Louise was the first member of the royal family to visit British Columbia, arriving in Victoria with Lorne in 1882. The railway across Canada was not yet complete, so the couple travelled across the United States by train then by ship along the west coast to reach British Columbia. The visit had diplomatic significance because the completion of the railway was a condition for British Columbia’s entry into Confederation and there was tension regarding the location of the western terminus. The royal visit was well received by the diverse communities of Vancouver Island. The Chinese community erected a celebratory arch and delivered an address. Louise and Lorne also met with Indigenous peoples while in Canada. During his 1881 tour of the North-West Territories, Indigenous leaders described Lorne as their “great brother-in-law.” Louise shook hands with them as equals throughout her time in Canada.
During her return journey from British Columbia, Louise visited the town of Pile of Bones and renamed it Regina, in honour of her mother, Queen Victoria. The presence of Lorne and Louise in Western Canada emphasized Canadian sovereignty over the region at a time when American settlement threatened to expand northward.
Louise made frequent visits to Québec. She spoke French fluently, and bridged the social divide between the English and French Canadian elites. Lorne and Louise holidayed on the Cascapedia River, where they enjoyed sketching and salmon fishing.
A number of Canadian military regiments were named for Louise. The 66th The Halifax Battalion of Infantry became the 66th Battalion “Princess Louise” Fusiliers in 1879. Louise became patron of Ottawa’s cavalry troop, which became the Princess Louise Dragoon Guards in 1903. In 1884, the 8th Regiment of Cavalry became the 8th Princess Louise’s New Brunswick Regiment of Cavalry.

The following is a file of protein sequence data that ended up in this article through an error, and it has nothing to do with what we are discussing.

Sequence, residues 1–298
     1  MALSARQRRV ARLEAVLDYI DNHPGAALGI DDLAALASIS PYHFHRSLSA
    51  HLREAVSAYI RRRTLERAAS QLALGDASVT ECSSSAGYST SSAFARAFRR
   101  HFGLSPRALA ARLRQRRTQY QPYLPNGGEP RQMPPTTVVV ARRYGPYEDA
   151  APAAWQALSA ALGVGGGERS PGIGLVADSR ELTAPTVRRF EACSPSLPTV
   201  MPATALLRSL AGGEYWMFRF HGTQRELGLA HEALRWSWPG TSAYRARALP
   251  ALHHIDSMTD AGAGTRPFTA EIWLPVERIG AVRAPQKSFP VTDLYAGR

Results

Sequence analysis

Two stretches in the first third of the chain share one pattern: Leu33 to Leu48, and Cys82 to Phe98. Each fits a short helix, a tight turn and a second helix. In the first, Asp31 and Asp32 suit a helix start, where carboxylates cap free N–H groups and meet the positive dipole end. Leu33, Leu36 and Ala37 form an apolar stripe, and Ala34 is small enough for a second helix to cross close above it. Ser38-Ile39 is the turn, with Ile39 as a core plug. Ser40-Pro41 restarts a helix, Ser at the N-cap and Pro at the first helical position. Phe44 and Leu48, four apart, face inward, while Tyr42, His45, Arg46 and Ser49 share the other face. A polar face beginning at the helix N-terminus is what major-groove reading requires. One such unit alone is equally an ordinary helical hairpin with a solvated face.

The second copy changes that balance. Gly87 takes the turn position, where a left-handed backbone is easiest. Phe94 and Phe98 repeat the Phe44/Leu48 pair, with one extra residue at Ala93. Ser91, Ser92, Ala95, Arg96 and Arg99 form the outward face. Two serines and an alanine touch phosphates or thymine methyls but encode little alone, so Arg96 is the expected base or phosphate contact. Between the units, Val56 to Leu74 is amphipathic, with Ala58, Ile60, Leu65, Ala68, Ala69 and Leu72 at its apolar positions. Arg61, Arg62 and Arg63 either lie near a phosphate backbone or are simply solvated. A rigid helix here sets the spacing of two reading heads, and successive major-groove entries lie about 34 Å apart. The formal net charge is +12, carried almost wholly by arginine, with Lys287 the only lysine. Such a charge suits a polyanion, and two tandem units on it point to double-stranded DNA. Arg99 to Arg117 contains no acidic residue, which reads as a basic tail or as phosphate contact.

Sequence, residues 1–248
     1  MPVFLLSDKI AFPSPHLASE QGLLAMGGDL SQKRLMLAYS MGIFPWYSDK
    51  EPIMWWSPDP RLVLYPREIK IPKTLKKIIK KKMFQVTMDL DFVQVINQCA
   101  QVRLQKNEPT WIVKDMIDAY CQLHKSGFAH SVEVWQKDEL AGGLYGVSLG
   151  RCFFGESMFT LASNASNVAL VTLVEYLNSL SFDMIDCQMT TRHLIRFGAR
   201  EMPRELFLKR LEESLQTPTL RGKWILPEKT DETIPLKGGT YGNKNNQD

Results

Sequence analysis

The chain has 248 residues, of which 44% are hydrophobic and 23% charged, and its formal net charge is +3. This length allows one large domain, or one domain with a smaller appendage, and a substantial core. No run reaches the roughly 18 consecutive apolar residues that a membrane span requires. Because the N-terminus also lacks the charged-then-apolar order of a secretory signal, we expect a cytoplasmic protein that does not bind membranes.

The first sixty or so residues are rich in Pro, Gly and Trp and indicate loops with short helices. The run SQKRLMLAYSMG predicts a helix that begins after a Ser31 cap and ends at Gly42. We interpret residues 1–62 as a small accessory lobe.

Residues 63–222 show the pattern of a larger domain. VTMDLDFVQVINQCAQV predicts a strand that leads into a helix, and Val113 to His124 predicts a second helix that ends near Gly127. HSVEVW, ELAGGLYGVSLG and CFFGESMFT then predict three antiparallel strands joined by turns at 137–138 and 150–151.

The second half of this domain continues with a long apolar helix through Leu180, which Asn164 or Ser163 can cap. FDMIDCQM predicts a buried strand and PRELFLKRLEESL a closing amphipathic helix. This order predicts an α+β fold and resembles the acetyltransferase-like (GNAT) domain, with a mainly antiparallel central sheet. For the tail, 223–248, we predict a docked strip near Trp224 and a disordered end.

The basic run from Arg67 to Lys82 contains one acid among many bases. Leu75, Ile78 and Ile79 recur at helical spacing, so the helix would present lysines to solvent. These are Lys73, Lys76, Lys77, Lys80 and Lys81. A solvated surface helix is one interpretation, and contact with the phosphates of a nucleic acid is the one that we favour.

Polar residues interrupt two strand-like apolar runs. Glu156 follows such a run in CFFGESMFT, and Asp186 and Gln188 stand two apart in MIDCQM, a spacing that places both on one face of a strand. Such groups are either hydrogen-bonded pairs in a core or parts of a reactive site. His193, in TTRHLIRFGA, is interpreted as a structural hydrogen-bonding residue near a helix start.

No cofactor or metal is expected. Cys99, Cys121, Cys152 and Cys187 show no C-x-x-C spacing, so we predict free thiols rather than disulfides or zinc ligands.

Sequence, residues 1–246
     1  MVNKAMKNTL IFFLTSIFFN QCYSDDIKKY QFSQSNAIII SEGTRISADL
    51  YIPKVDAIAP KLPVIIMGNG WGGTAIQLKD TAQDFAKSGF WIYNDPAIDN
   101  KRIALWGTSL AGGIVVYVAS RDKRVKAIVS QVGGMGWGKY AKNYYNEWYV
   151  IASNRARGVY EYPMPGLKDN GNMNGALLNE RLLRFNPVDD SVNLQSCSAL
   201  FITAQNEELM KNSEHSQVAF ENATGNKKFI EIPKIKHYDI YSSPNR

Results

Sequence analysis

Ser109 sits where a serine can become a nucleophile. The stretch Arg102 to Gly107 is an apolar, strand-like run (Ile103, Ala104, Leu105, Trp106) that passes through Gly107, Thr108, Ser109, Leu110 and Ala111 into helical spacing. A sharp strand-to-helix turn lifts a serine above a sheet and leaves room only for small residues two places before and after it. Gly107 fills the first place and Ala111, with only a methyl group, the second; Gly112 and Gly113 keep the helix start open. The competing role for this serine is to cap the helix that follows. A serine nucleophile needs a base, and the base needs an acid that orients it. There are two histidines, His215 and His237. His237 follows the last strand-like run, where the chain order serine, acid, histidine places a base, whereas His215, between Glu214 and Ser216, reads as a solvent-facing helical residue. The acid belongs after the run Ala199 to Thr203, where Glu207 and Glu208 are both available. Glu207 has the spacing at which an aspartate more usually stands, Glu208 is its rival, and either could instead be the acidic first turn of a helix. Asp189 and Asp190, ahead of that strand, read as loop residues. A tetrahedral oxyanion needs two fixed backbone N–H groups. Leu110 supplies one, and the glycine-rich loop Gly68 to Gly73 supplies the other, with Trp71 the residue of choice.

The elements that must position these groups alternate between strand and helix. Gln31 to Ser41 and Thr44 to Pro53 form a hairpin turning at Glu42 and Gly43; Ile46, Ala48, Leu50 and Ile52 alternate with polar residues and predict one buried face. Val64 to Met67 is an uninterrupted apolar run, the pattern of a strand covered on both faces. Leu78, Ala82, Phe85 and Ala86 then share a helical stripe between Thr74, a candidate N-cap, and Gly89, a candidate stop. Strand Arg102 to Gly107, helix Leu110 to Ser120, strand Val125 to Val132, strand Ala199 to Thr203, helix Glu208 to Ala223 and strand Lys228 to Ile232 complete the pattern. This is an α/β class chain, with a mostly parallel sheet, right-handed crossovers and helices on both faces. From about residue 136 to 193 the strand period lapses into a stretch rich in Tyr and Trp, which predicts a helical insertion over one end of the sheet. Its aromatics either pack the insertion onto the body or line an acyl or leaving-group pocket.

Louise remained engaged with Canada and Canadian institutions after departing the country at the end of Lorne’s tenure as governor general in 1883. During the North-West Resistance of 1885, Louise sent medical supplies to the Battle of Fish Creek and Batoche with instructions that assistance was to be provided for both sides. In 1882, the land that would become the province of Alberta was named for Louise. In 1905, Alberta was established as a province, retaining Louise’s name; the princess wrote to a Canadian well-wisher, “I am intensely proud of this beautiful and wonderful Province being called after me, and that my husband should have thought of it.” Louise was widowed in 1914, but maintained a busy schedule of public engagements until her death in 1939.
In his 1884 book, Canada Under the Administration of Lord Lorne, J.E. Collins recalled: “Those who come into contact with the princess, never weary of telling that she was a true and noble woman, always desirous of doing well for her kind, eager in giving assistance to every project of art and education, not less than her husband generally interested in the progress of the people.” The province of Alberta and Lake Louise in Alberta are named for Louise. Louise’s military patronage set precedents for subsequent royal women resident in Canada including her niece, Princess Patricia (see Princess Patricia’s Canadian Light Infantry). The Royal Canadian Academy of Arts and the National Gallery of Canada remain key Canadian cultural institutions.
Jehanne Wake, Princess Louise: Queen Victoria’s Unconventional Daughter (1988).
Robert M. Stamp, Royal Rebels: Princess Louise and the Marquis of Lorne (1988)
R.W. Sandwell, “Dreaming the Princess: Love, Subversion and the Rituals of Empire in British Columbia,” in Majesty in Canada, ed. Colin M. Coates (2006)
Elizabeth Longford, Darling Loosy: Letters to Princess Louise 1856–1939 (1991)
Carolyn Harris, “Royalty at Rideau Hall: Princess Louise, Lord Lorne and the Emergence of the Canadian Crown,” in Canada and the Crown: Essays on Constitutional Monarchy, eds. Michael Jackson and Philippe Lagassé (2013)
Sandra Gwyn, The Private Capital: Ambition and Love in the Age of Macdonald and Laurier (1984)
Jo Devereux, The Making of Women Artists in Victorian England: The Education and Careers of Six Professionals (2016)